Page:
Last week I put together a list of fun things I would make recycling an old pair of jeans… the list included things like a face mask (an essential fashion item these days), denim tote, pouch, floor rugs and these oven mitts. And of course, I was looking for projects that would combine my love of sashiko stitching and mending.
Once I decide upon an idea, I generally want to make it straight away (plus we were going camping on the weekend and I wanted to use it) so when I looked at the list of materials needed to make oven mitts, I was deterred by the fact that the insulating fabric was made of a plastic fibre. Im looking to reduce my use of anything that will not naturally biodegrade, and Im a big advocate of making do with the things around me, so I started thinking about other alternatives.
Looking around my studio at the creative chaos I just happened to have a piece of freshly felted fleece (used for a demonstration in one of my classes) so I grabbed it. This would be perfect as the insulating layer in my mitts. But it wasn’t big enough, so I decided to change up the project slightly and make a pot holder instead.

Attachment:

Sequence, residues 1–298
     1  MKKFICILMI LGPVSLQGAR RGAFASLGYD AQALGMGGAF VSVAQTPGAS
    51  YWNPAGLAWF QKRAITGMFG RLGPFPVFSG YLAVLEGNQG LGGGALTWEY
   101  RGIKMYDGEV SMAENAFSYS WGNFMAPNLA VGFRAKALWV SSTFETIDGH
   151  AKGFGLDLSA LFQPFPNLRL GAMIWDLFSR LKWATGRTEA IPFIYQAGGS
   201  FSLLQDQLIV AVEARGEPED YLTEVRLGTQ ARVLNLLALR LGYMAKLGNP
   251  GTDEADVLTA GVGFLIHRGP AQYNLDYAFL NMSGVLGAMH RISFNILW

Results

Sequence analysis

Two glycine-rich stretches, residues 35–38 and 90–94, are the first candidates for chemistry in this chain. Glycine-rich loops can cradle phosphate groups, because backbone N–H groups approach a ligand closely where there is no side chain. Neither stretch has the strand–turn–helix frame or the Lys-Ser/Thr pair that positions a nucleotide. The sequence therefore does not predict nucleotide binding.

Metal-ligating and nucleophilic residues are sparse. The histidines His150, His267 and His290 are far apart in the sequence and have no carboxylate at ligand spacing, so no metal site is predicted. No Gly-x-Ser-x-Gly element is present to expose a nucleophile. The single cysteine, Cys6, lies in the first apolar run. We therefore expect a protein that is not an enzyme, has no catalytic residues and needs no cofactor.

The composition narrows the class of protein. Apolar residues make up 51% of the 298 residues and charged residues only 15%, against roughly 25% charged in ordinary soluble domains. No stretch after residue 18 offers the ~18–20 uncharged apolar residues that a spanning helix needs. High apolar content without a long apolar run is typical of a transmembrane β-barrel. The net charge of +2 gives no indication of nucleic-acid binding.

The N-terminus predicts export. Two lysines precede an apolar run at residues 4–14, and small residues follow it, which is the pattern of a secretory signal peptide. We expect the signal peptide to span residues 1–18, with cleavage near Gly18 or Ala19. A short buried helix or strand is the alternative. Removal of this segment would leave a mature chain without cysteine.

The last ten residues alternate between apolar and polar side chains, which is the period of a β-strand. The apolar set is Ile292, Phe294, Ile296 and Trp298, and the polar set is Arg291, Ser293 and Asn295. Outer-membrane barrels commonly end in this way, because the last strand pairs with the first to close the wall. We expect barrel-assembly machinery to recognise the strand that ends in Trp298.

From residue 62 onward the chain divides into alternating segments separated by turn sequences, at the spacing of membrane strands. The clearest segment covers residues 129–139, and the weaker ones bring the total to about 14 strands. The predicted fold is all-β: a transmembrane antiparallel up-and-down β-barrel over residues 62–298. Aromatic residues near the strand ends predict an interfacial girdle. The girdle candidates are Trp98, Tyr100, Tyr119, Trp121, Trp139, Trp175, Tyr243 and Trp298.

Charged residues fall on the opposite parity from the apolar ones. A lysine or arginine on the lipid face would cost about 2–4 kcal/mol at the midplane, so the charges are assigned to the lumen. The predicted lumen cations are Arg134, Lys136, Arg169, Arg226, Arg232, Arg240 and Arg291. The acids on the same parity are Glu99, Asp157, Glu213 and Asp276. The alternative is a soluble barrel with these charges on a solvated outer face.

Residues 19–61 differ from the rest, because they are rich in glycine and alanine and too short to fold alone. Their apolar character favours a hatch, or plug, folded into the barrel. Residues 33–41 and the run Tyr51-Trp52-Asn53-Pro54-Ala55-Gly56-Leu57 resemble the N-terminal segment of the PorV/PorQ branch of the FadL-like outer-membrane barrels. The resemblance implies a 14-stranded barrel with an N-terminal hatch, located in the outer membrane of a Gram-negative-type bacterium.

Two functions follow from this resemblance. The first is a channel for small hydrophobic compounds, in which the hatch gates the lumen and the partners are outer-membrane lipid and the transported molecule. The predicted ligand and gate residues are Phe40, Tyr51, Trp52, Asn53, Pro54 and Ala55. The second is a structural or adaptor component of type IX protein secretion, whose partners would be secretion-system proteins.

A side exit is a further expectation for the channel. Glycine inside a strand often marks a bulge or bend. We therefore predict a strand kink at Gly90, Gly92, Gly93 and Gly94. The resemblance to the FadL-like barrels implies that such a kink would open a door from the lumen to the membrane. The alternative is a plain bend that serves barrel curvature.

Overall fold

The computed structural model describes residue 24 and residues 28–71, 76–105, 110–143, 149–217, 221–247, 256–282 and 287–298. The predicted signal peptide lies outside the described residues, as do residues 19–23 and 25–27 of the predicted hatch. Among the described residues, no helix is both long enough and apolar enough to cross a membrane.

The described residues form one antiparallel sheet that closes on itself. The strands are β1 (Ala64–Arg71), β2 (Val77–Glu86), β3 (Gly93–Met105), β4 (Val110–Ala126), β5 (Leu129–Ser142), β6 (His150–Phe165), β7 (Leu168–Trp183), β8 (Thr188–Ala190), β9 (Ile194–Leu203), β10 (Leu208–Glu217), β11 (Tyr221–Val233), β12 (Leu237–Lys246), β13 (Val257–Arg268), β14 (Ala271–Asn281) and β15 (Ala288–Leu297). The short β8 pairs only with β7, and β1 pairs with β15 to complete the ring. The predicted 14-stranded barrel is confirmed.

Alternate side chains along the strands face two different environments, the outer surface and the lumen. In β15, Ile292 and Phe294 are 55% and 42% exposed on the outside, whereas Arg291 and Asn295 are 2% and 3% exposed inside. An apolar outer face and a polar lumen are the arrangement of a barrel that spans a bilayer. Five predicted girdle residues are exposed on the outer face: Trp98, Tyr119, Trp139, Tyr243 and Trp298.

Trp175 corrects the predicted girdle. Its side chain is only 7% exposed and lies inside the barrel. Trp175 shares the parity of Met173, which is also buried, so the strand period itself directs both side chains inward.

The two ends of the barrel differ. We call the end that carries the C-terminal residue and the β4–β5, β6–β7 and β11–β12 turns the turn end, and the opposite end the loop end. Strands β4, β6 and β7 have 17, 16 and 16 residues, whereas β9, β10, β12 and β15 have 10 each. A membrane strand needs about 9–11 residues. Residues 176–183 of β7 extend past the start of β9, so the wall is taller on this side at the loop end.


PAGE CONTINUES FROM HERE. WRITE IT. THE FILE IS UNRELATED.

So the dimensions are based upon the size of the felted swatch, which was about 8 inches square.
The front side of the pot holder
You can see the layer of wool felt, cotton muslin (calico) topped with jean scraps. On the very bottom is a layer of denim. All the layers have been stitched together using boro / running stitch.
The reverse side of the pot holder. This was once the leg of a pair of jeans.
With pins holding the fabric in place I used a sashiko needle and thread to stitch together the layers of fabric. To my surprise, it was relatively easy to stitch (I was expecting a bit of resistance) and I had it stitched in a couple of hours. There was something oddly satisfying about the quilting effect the running stitch on the fabric….
I decided that the sides were too shabby, and I wanted to create a nice clean edge. With the help of Leah Day and her instructional videos, I attached a binding.
Not too shabby for my first binding attempt!
I finished it in time to take it camping (I wasn’t timing it, but it probably took about 3 hours to make), and it worked remarkably well!
We had stir fry for lunch infused with smoky flavours of the open fire. Yum!